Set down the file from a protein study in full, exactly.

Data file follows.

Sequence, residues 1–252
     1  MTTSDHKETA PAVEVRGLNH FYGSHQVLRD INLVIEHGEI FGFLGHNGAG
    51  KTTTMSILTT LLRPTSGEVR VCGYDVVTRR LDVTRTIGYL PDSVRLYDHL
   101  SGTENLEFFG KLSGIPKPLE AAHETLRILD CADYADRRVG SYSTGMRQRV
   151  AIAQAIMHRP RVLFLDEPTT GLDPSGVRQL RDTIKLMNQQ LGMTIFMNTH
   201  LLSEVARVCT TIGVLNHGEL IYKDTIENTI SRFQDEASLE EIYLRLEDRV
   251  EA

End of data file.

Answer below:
Sequence, residues 1–252
     1  MTTSDHKETA PAVEVRGLNH FYGSHQVLRD INLVIEHGEI FGFLGHNGAG
    51  KTTTMSILTT LLRPTSGEVR VCGYDVVTRR LDVTRTIGYL PDSVRLYDHL
   101  SGTENLEFFG KLSGIPKPLE AAHETLRILD CADYADRRVG SYSTGMRQRV
   151  AIAQAIMHRP RVLFLDEPTT GLDPSGVRQL RDTIKLMNQQ LGMTIFMNTH
   201  LLSEVARVCT TIGVLNHGEL IYKDTIENTI SRFQDEASLE EIYLRLEDRV
   251  EA